Family resemblance at the blossom end: bottom to top rose hips, apple, crabapple, pear and quince
…might be an apple, a crabapple, a pear or a quince. All the above are a part of the family Rosaceae.
What to do, as we’re almost out of preserved apple products in the house? Our next-door neighbor has a lovely large-fruited crabapple tree, and he encourages me to pick them. I was a bit too busy this year to do so at the proper time so I passed; crabapple jelly can wait another year (that, and I have two pints left from last year). Our ancient apple tree is a biennially bearing and this was an off year. Our nascent orchard is a good 3 years from producing for us. The other neighbor’s trees are bearing but dang are the apples puny.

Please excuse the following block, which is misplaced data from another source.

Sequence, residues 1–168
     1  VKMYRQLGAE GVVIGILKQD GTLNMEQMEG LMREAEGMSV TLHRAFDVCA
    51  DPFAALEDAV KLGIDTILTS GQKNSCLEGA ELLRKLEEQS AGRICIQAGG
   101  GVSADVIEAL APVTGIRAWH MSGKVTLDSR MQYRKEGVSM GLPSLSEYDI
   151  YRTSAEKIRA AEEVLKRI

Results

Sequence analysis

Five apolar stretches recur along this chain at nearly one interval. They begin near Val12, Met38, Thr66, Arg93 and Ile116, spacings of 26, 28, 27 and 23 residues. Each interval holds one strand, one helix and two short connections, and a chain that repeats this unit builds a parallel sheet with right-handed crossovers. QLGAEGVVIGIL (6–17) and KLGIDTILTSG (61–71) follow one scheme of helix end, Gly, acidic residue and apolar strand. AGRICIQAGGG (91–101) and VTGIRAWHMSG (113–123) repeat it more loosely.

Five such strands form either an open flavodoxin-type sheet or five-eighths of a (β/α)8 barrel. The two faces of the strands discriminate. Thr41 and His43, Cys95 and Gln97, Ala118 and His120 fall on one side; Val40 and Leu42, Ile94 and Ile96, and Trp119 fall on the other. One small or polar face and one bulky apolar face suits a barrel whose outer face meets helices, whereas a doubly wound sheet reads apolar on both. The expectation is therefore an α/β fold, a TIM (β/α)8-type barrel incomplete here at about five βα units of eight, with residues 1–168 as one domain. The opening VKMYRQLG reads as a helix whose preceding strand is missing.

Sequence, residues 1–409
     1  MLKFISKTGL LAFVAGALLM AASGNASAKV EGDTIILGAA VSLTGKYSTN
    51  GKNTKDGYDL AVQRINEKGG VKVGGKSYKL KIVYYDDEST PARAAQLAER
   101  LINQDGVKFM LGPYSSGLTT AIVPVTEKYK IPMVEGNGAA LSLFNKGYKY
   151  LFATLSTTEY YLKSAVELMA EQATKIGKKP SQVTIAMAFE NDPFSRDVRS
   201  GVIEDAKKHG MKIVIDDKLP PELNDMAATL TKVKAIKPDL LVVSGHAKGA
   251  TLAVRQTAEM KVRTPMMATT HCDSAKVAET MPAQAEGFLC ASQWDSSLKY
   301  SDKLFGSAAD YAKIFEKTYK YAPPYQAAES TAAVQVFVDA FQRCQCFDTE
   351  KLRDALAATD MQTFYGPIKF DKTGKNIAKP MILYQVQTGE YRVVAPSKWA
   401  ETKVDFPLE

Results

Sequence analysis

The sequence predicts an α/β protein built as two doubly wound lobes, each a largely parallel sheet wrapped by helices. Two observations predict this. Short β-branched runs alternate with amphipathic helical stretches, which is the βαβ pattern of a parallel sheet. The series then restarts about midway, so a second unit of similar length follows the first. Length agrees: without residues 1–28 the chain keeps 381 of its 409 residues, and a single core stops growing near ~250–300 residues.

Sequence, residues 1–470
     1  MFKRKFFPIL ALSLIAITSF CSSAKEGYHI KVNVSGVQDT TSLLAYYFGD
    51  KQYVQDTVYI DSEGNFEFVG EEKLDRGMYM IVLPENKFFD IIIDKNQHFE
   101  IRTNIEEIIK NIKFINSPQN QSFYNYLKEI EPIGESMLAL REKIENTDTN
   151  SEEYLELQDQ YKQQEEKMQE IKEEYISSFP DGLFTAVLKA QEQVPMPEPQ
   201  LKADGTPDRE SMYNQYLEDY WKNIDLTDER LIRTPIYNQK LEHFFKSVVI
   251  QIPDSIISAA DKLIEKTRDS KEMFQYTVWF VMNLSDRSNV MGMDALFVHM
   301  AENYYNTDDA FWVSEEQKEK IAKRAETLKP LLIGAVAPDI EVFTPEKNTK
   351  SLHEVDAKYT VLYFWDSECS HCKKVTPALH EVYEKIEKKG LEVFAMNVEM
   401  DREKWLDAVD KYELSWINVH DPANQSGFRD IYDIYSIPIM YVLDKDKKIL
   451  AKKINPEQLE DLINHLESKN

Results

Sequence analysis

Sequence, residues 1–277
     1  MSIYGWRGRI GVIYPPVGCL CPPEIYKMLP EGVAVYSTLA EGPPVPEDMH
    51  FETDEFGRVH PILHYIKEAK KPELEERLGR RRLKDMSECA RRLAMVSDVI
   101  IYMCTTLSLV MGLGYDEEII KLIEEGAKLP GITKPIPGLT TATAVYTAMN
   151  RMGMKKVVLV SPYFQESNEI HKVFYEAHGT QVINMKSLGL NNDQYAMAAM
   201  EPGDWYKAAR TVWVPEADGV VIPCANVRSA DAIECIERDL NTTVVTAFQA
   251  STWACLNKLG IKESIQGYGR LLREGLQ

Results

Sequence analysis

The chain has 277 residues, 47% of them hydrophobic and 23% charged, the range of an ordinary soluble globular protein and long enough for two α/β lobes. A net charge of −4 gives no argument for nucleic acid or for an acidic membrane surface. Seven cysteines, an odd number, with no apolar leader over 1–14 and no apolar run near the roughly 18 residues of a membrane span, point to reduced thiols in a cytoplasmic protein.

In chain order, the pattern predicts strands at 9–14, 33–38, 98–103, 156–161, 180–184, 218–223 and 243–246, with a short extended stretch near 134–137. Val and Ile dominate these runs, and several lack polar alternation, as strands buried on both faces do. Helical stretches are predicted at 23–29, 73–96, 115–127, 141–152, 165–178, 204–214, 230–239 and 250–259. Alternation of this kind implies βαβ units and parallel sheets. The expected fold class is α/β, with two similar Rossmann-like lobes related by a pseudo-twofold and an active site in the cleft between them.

So: after our nearly fruitless hike on Satuday, the kid and I got in the car. I got up the courage to stop at a neighboring farm. I had admired their orchard for years, and, as far as I could tell, the trees weren’t being tended or picked. I came armed with gifts of grape and strawberry jam: might we pick your trees, I asked? Oh yeah. Go ahead. And there’s pears and quince around the side of the house you can have, too, said the owner.
Bingo! One quick trip yielded two bushels of apples, one of pears, and a half-bushel of quince. I guess it doesn’t hurt to ask. These will make a lot of lovely sauce: quince adds a nice fruity bite. The pears aren’t quite ripe but that’s also okay. Pears atop salads are great in November and December. And pear tarts and poached pears…
Fuzzy quince: these smell wonderful, but are too sour to eat out of hand and should be cooked